I don't normally review individual Jeremy Brett episodes that aren't feature-length, but for this I'm making an exception. The biggest reason is that it's superb. The secondary reason is that I own other adaptations with which I can make comparisons. There's one with Peter Cushing
. Terror by Night
with Basil Rathbone also owes it a slight debt. I also don't have the 1923 Eille Norwood silent or the appropriate episode of the 1999 animated series Sherlock Holmes in the 22nd Century, which seems to have stuck to the canon with confusing fidelity.
Not content with being a great Sherlock Holmes adaptation, this is the best Christmas story I've ever seen. More specifically, it's a Dickens tale. I don't mean that it's a crossover, but that's the tone it's aiming for. We have lovable eccentrics and the long-suffering poor in a snowbound Victorian London tale that could make a cynic vomit. Sentimental? Yup. Heartwarming? Got it in one.
The original story is simple. Commissioner Peterson finds a blue carbuncle in a Christmas goose, whereupon Sherlock sets out to learn how it got there. That's fine as far as it goes, but this adaptation expands on that considerably. We begin with a dreamlike sequence of crimes and murders, all perpetrated for the sake of the carbuncle. It has seen blood. After that we find ourselves with a vicious old hag of a countess, staying at the Hotel Cosmopolitan and about to lose her most treasured possession. It's a smaller role than her equivalent in the 1968 version, but she's played by Rosalind Knight! I didn't recognise her without her spectacles, but I love Rosalind Knight. St Trinians, Eskimo Nell and two early Carry On films. If only she'd been less odd-looking, I'm sure she'd have been everywhere.
We soon see a good man arrested for something he didn't do. Thanks to a criminal record which he's since put behind him, he's soon looking likely to go to prison for a large number of years and lose his wife and children. He tries explaining to the idiot detective who arrested him, but only gets himself another round of questioning as to the whereabouts of the jewel. Most of the episode is charming, but what happens to this man definitely isn't. Nevertheless Holmes and Watson never meet him. They simply have their adventure as Conan Doyle described... but at the end, once they've lured the real thief to 221B Baker Street, there are a couple of moments where Holmes absolutely thunders. He's angry on behalf of a wronged man he's never met! That gave me a chill down my spine. It's one of Jeremy Brett's finest hours, which is saying a lot.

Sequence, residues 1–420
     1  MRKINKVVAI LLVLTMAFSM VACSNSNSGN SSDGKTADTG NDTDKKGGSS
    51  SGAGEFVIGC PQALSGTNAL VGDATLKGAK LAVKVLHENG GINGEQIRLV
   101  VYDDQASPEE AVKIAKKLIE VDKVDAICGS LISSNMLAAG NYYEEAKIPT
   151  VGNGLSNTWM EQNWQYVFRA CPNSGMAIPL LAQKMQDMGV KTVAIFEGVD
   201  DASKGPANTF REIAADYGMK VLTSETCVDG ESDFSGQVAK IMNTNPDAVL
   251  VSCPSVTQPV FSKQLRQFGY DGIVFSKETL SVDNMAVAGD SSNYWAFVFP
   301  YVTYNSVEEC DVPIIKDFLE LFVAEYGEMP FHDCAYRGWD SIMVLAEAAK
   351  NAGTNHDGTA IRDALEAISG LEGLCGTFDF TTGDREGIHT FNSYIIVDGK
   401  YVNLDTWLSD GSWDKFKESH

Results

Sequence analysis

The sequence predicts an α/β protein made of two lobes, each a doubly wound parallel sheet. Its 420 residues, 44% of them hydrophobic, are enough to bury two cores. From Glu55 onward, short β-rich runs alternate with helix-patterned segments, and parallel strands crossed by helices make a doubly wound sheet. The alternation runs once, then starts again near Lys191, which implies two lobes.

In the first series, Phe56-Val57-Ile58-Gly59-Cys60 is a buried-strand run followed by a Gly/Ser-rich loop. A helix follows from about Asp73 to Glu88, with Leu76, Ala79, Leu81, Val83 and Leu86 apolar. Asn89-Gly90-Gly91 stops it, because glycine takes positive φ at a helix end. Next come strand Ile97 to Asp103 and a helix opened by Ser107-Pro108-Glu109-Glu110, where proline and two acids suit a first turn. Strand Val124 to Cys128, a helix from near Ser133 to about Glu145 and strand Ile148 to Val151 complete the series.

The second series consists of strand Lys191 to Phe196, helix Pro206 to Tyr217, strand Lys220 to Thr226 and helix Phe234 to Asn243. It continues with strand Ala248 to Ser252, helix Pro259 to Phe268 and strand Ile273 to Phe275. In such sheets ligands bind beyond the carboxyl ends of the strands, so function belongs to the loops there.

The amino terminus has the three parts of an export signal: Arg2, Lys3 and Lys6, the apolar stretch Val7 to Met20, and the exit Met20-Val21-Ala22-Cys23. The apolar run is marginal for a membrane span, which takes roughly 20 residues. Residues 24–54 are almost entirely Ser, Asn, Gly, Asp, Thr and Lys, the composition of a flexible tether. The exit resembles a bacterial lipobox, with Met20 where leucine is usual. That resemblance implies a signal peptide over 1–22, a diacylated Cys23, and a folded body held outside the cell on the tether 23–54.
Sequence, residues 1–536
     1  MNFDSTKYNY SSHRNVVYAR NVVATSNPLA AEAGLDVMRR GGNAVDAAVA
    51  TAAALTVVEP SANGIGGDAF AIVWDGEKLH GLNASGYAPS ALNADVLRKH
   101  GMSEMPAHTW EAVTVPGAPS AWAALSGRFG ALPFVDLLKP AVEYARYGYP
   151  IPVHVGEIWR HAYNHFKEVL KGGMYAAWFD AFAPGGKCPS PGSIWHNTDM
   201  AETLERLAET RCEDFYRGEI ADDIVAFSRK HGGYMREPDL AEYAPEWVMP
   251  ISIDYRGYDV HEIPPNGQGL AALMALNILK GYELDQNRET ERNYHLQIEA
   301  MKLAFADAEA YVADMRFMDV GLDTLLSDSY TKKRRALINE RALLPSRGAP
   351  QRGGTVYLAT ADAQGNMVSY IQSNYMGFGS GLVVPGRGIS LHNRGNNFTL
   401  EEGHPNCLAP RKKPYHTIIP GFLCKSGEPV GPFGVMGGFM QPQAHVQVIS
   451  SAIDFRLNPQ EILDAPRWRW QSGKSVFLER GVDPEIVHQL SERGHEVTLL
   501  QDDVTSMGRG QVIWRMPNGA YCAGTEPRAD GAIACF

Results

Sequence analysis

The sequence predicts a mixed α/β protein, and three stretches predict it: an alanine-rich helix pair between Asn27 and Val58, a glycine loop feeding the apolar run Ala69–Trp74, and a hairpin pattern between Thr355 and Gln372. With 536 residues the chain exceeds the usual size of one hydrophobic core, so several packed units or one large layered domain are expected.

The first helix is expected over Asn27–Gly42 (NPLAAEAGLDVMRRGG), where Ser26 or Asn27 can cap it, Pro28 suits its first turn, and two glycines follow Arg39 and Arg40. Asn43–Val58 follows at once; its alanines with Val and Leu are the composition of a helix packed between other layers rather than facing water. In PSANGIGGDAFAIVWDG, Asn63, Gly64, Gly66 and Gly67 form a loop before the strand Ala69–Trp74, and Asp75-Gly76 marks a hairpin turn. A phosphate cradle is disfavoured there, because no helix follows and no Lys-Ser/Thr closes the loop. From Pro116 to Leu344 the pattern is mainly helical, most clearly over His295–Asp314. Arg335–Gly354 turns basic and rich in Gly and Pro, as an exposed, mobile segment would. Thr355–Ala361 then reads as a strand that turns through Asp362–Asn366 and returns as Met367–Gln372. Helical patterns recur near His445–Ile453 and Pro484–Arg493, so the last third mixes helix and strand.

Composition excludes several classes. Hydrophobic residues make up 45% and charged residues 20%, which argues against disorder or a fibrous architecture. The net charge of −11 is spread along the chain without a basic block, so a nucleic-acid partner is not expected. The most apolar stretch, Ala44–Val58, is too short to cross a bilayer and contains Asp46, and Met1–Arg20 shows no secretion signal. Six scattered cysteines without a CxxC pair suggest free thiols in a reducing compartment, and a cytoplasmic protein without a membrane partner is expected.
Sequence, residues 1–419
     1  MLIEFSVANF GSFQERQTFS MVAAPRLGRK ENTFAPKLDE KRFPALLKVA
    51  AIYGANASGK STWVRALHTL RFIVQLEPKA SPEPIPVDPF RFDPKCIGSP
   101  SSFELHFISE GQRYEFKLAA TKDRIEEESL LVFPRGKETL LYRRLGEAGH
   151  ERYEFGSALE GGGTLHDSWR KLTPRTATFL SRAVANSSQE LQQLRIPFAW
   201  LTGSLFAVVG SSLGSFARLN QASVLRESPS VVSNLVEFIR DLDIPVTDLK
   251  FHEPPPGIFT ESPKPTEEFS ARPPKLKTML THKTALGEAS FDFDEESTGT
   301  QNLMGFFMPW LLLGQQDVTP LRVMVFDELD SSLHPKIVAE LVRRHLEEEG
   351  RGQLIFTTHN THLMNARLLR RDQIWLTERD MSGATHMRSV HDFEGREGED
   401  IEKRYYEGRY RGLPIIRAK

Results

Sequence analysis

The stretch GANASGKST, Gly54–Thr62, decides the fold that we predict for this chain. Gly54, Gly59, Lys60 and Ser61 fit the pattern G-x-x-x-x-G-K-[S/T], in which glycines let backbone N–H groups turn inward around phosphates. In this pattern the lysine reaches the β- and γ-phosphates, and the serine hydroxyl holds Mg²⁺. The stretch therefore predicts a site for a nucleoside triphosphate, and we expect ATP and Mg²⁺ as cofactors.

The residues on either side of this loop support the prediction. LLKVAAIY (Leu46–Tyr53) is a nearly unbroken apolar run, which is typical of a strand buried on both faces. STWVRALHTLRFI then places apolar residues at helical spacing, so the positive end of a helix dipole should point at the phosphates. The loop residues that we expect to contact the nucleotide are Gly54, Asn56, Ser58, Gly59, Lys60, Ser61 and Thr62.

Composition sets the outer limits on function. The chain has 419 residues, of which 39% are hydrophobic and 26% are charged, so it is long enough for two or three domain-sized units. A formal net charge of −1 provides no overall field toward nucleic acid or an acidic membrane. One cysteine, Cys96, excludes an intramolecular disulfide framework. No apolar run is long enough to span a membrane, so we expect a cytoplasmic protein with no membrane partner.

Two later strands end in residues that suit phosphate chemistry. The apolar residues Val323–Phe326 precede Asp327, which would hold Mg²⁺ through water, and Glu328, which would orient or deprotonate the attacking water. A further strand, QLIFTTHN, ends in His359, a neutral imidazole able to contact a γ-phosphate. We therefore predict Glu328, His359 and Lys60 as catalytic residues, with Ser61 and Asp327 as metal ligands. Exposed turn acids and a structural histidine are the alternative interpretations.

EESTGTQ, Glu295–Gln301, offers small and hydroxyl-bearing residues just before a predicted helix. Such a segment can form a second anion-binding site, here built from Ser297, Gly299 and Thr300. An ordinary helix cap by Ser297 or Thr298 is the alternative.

All that I love, but on top of that, the episode's hilarious. I was just about wetting myself. Fun with a goose! The commissionaire's surprise at a £1000 reward! "We must not deprive those we love. Or even those to whom we are married." Holmes's hat deductions also had me in stitches, with Jeremy Brett and David Burke playing the hell out of every line. I can't imagine a better version of that scene.
The minor characters are charming, not to mention played by strong actors. Ken Campbell plays the thief whose sister calls him "Jem". Admittedly that's straight from the original, but it struck me as an amusing name for a man who's stolen a gem. His real name's James, of course. However the most surprising touch is the casting of one Frank Middlemass. You might not have heard of him. That's understandable. He appeared once in the Cushing series and just once in this one, but both of his episodes were adaptations of The Blue Carbuncle! He loses a goose in 1984 and picks it up sixteen years earlier. How cool is that? I'd love it if someone edited together a version with both Middlemasses.
My only niggle with the acting is what the uncharitable might call mugging from Arrested Bloke's Wife, which made the final shot a bit sentimental even for me. However what the hell. I should also note that my brother didn't like the episode when I played it to the family, which suggests either that everything is subjective after all or that he's mad. (Hint: he's mad.)
This is a charming story about good people, with a wrongly accused man to stop it getting cloying. It's strongly emotional, but also full of comedy. Plus of course I have to mention the production values. Of course there's nothing wrong with watching a creaky old production on obvious BBC sets, but this is beautiful. The Victoriana, the snow... everything. Oh, and the climax mimics Paget's original illustration. I realise I shouldn't go singing this thing's praises so much or I'll just set up false expectations, but I'd say this one episode is good enough to justify buying the Granada series DVD boxed set. It's pretty much the definition of Christmas spirit, creating a fairy tale glow with its compassion and forgiveness. I have a new annual tradition.